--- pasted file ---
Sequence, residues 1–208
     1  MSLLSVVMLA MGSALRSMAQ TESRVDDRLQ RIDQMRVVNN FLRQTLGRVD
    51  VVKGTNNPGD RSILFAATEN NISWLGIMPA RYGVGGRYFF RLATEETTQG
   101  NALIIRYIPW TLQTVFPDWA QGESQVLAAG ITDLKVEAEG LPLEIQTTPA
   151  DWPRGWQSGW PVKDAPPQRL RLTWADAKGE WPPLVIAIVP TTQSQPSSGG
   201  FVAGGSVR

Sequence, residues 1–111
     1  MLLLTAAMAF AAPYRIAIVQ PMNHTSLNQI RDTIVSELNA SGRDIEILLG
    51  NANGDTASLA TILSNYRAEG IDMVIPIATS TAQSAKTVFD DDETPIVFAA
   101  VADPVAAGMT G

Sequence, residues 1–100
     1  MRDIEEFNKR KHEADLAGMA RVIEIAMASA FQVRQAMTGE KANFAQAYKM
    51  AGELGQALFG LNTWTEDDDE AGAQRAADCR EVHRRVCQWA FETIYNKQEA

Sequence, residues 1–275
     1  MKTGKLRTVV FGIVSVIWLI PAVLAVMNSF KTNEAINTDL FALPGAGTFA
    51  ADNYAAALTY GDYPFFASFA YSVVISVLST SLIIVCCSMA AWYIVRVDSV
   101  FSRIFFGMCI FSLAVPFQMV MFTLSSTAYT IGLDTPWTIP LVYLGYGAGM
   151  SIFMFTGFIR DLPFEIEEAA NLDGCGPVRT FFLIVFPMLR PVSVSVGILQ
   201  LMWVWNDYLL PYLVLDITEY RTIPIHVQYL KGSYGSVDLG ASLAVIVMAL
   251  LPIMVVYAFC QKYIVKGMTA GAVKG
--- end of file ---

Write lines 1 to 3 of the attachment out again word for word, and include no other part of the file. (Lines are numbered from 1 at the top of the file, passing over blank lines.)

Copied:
Sequence, residues 1–208
     1  MSLLSVVMLA MGSALRSMAQ TESRVDDRLQ RIDQMRVVNN FLRQTLGRVD
    51  VVKGTNNPGD RSILFAATEN NISWLGIMPA RYGVGGRYFF RLATEETTQG